Starting Immunotherapy: What to Expect

Medically Reviewed by Paul Boyce, MD on March 08, 2024
3 min read

Lung cancer has long been considered one of the most challenging cancers to treat because it has usually spread by the time you’re diagnosed. When it spreads to other body parts, doctors refer to it as metastatic. The newest field of cancer medicine, called immunotherapy, is an effective treatment option for metastatic lung cancer.

Getting Started

This type of treatment helps your immune system better find and destroy cancer cells. The types that are approved for lung cancer right now are called checkpoint inhibitors. They bring cancer cells out of hiding so your body’s natural defense system can find and kill them. There following FDA-approved immunotherapy drugs for NSCLC: atezolizumab (Tecentriq), cemiplimab-rwlc (Libtayo), durvalumab (Imfinzi), nivolumab (Opdivo), and pembrolizumab (Keytruda).

Ipilimumab (Yervoy) is another checkpoint inhibitor that can be used in NSCLC, but it works at a different place on the T cells and is not used alone as a treatment.

Your doctor may suggest this type of treatment if you have certain types of non-small-cell lung cancer. It may be the first thing you try. Or you could get it if your cancer comes back after chemo or other drug treatments. Ask your doctor which type of immunotherapy drug you will be taking.

These drugs should be used with caution if you have an autoimmune disorder like lupus or rheumatoid arthritis.

Many other types of lung cancer immunotherapy medicines and treatments are in clinical trials. Your doctor may suggest you take part in one of these studies if other treatments haven’t worked.

Where and When You’ll Get Treatment

You’ll go to your doctor’s office, a medical center, or a hospital. You’ll get the drug by infusion through an IV (intravenous) line, usually in your arm.

Each treatment takes about 30 to 90 minutes. Depending on the drug used, you’ll receive a dose every 2 to 3 weeks until the cancer shows signs of improvement or you have certain side effects. The process will probably last a few months.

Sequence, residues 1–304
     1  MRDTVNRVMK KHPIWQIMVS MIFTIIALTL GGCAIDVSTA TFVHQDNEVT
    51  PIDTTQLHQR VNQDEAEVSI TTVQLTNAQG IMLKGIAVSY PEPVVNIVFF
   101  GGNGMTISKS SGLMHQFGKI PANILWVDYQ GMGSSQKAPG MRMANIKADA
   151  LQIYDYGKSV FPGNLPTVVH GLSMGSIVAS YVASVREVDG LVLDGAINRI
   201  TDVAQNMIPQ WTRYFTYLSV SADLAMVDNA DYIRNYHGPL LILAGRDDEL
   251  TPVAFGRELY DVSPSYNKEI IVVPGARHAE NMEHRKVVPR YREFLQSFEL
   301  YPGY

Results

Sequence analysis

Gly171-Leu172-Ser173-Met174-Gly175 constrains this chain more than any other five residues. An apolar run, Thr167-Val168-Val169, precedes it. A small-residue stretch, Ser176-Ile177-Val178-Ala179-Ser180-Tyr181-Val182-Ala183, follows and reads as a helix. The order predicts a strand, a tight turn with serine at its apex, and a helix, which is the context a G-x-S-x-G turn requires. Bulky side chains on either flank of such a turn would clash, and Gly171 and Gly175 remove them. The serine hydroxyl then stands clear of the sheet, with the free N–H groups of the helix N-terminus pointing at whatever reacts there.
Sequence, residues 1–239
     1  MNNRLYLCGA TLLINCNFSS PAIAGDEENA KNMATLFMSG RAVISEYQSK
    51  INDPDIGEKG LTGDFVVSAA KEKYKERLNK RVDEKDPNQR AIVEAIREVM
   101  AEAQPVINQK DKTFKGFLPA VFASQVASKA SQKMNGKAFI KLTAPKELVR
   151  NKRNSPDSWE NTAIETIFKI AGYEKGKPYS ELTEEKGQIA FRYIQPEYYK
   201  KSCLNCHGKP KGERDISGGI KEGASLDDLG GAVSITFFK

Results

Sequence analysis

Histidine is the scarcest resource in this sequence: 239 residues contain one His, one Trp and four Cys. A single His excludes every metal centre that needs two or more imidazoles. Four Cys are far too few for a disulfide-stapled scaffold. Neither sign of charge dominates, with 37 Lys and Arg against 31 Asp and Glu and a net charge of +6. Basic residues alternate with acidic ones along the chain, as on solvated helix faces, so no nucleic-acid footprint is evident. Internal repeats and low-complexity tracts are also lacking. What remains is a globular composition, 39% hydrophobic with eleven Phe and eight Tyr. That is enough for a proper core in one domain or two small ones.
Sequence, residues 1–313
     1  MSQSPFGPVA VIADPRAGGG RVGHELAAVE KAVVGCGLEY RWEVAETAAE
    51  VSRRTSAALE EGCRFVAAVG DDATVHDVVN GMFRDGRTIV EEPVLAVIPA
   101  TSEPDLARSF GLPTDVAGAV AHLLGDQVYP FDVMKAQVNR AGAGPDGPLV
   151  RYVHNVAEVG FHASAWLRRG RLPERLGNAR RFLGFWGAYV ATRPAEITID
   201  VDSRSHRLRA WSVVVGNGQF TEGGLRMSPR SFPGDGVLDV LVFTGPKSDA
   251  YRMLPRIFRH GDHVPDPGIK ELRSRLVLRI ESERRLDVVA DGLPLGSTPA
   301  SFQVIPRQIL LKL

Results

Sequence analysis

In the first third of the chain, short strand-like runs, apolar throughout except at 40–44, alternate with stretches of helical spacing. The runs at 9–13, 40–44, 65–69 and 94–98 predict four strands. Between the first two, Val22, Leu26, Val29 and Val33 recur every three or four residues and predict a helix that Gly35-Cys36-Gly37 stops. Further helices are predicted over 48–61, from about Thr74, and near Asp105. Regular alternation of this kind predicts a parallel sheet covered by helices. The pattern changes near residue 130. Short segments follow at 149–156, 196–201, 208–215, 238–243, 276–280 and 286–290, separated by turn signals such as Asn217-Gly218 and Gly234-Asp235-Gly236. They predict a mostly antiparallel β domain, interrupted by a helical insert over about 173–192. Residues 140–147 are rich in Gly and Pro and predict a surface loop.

Your cancer care team will provide specific details regarding the location, dates, and length of your immunotherapy treatment plan.

Side Effects and Complications

Always tell your doctor about any side effects you have. It’s important for them to figure out if your symptoms are caused by the treatment or a sign that your cancer may be getting worse. Managing side effects early and well can help you stick to your cancer treatment plan.

Immunotherapy can cause flu-like side effects. This means your immune system is hard at work. Common symptoms include:

  • Fatigue
  • Cough
  • Loss of appetite
  • Muscle aches and pains
  • Joint pain

Other side effects of checkpoint inhibitors for lung cancer include:

  • Nausea
  • Diarrhea
  • Constipation
  • Itching
  • Rash

Many of these problems are easy to treat with over-the-counter medicines.

Severe side effects are less common. But sometimes, checkpoint inhibitors cause your immune system to attack otherwise healthy tissue. This can lead to life-threatening inflammation in your lungs, liver, kidneys, intestines, and other parts of the body. You may have to stop immunotherapy and get medicines to quiet down your immune system.

Pneumonitis (inflammation of the lungs) is one serious side effect that often affects people taking checkpoint inhibitors. It can make it hard to breathe. You’ll need immediate treatment.

Because immunotherapy for lung cancer is so new, doctors aren’t sure what the long-term effects or complications might be. They can include diabetes and thyroid problems, which would require ongoing medical care.

What Happens After Treatment Stops?

Doctors consider checkpoint inhibitors a breakthrough that can help people with advanced lung cancer live longer. However, they don’t work for everyone. Stay in touch with your doctor during treatment, and always go to all your follow-up appointments. Blood tests and imaging scans are done to check for signs of cancer disappearance or growth.

Ask your doctor how you can tell if your treatment isn’t working.